Ronald Reagan was elected by what was referred to at the time as an "avalanche." However, given the declining percentage of the population that bothers to vote nowadays, I suspect Mr. Reagan's victory really isn't all that impressive. What was the percentage of eligible voters who supported him? Was it really such a landslide? How does the percentage compare with that of other presidents? Did Reagan even make it into the top ten?
Illustration by Slug Signorino
If Reagan’s 1980 victory was an avalanche, I’m Wilt Chamberlain. Ron got 50.7 percent of the popular vote, which is nothing compared to the landslide champs: LBJ in 1964 (61.0 percent), FDR in 1936 (60.8 percent), and Nixon in 1972 (60.7 percent).
Since only 53.9 percent of the voting-age population actually voted in 1980 (the lowest percentage since 1948), Ron got a scant 27.3 percent of the eligible vote, which is pretty terrible. Of the 40 elections held since 1824 (popular vote totals prior to that time are unavailable), Ron comes in 34th in percentage of eligible vote received, beating out only Carter, Nixon (in 1968), Truman, Coolidge, Wilson, and John Quincy Adams (who had an unbelievably crappy 8.2 percent in 1824–but more on this anon).
The leader in the eligible-vote rankings isn’t exactly who you’d expect–it’s William Henry Harrison in 1840, with 42.5 percent. (Harrison lasted only 31 days in office; some guys just can’t cope with success.) The next two are Grant in 1868 (41.1 percent) and Lincoln in 1864 (40.6 percent). The reason these guys did so well was that voter turnout in the period 1840-1900 was amazingly high– it fell below 70 percent only once, and it topped 80 percent three times. (Of course, you have to remember that "eligible voters" prior to 1920 meant only males, and prior to 1868 meant only white males.)
After the turn of the century, voter turnout declined sharply for various reasons. Among other things, the South systematically disenfranchised blacks–and since the Democratic party had virtually no competition in the South, there wasn’t much incentive to vote anyway. In addition, many states implemented tough voter-registration laws to curb ballot-box stuffing by corrupt big city machines. The low point in this century came in 1924, when only 48.9 percent of those eligible voted.
But back to Ron. If you look at margin of victory in the popular vote, he does a little better, but not much. He beat Carter by 9.7 percent, which ranks him around 12th or so on the landslide list, way behind the leaders: Harding in 1920 (26.4 percent), Coolidge in 1924 (25.2 percent), and FDR in 1936 (24.3 percent).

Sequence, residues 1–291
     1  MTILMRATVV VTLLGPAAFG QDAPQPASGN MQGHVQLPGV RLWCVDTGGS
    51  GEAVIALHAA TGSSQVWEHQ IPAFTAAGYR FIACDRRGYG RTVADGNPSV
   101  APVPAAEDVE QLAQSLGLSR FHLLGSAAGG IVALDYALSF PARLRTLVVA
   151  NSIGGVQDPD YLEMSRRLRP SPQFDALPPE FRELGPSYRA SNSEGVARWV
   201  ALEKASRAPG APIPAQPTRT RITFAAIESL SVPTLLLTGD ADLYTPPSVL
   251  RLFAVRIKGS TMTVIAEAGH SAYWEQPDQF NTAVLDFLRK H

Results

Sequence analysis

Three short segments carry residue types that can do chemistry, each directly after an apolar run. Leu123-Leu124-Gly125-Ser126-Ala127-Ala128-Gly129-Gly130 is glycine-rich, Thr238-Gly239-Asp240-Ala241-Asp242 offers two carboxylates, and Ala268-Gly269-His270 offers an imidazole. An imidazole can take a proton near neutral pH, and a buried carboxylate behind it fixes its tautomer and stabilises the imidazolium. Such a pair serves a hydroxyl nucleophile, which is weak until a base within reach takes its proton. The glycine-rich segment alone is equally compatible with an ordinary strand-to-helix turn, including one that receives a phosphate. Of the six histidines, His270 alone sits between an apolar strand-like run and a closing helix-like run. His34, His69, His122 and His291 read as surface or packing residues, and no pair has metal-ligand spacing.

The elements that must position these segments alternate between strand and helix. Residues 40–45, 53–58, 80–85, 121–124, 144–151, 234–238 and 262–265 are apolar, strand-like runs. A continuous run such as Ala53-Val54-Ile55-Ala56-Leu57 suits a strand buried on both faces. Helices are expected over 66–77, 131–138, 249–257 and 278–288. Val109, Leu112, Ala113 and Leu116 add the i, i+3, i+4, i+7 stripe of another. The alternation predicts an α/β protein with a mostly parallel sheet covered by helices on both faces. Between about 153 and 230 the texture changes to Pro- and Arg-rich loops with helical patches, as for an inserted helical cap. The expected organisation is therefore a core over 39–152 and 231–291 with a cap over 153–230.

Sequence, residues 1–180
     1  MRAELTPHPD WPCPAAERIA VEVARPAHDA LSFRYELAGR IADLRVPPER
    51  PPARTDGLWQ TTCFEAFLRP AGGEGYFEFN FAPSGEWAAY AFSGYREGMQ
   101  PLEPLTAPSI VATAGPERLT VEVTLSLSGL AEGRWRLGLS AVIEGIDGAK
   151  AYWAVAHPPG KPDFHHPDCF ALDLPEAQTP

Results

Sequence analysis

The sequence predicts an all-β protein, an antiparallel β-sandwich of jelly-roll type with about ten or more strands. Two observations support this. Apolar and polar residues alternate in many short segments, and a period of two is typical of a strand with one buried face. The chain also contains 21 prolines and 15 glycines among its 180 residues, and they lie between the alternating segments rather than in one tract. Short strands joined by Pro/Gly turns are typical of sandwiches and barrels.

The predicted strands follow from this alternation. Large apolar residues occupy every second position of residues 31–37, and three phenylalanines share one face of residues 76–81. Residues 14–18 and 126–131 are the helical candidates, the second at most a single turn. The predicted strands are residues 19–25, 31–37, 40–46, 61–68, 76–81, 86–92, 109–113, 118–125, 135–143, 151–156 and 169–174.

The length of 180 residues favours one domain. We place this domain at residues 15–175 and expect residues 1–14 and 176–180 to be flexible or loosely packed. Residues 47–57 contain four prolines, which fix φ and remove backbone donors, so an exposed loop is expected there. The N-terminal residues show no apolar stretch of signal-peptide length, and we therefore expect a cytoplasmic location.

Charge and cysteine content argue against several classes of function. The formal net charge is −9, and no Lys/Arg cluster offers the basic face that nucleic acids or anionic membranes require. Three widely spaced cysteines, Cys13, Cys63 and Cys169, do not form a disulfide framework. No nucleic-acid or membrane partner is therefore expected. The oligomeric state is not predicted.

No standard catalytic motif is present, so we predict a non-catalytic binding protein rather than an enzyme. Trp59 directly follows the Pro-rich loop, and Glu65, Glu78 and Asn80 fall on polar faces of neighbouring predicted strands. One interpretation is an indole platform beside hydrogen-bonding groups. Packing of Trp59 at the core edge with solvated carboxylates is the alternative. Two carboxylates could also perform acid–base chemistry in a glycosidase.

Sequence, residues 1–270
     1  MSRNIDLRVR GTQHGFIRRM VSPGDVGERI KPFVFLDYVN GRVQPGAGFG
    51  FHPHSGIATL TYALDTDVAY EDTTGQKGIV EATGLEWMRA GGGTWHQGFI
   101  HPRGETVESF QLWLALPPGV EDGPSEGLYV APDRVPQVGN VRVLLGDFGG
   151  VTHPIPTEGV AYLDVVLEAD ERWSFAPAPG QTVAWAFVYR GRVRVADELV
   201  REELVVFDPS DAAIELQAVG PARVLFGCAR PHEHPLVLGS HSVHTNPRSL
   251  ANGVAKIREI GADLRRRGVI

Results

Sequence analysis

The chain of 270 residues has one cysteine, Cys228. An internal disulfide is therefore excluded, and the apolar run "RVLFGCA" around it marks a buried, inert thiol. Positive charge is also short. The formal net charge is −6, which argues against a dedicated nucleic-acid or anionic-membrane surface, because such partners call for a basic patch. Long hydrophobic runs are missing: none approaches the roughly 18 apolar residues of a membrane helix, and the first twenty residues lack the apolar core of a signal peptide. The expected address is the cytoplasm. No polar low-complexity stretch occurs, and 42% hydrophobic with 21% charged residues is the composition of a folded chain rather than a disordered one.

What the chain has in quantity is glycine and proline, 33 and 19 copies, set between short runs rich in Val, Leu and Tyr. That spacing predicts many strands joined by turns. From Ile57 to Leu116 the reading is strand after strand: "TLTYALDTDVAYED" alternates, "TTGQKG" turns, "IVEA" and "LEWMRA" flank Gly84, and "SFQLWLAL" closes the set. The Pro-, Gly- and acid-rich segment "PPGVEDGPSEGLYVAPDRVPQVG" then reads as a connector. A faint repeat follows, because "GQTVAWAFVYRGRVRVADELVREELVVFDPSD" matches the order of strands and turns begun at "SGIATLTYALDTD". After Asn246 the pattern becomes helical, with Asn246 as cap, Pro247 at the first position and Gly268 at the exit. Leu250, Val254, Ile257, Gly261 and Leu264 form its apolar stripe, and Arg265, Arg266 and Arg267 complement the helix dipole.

When we get to electoral college vote, though, things start picking up. Reagan got 90.9 percent of the electoral votes cast, good enough for 7th behind George Washington’s two elections (100 percent each time), Monroe in 1820 (99.6 percent), FDR in 1936 (98.5 percent), Nixon in 1972 (96.6 percent), and Jefferson in 1804 (92.0 percent).
OK, so who had the all-time worst eligible-vote performance? Good question, and it gives Cecil an opportunity to tell a little story of the sort he dearly loves. The worst turnout since 1824 occurred, interestingly enough, in 1824, when only 26.9 percent of eligible voters cast ballots (which is why John Quincy Adams looked so bad). Property-owning requirements for voters were common in those days, and besides, in some states the electors who chose the president were elected by the legislature with no popular vote at all.
Still, 1824 may not be the all-time low. Vote totals from earlier elections aren’t known with certainty, but some historians believe the absolute pits vote-wise was achieved in 1820, when James Monroe ran virtually unopposed for a second term. The election was such a yawn that probably fewer than 1 percent of the voters turned out. Nonetheless, Monroe got all but one of the electoral votes cast. (A legend grew up that the lone dissenting vote, by William Plumer of New Hampshire, was cast so that Washington would be the only top guy ever elected by unanimous vote of the electoral college. BS, as it turns out; Plumer just thought Monroe was a jerk.) Said one observer, it was "the unanimity of indifference, and not of approbation." And you thought things now were bad.
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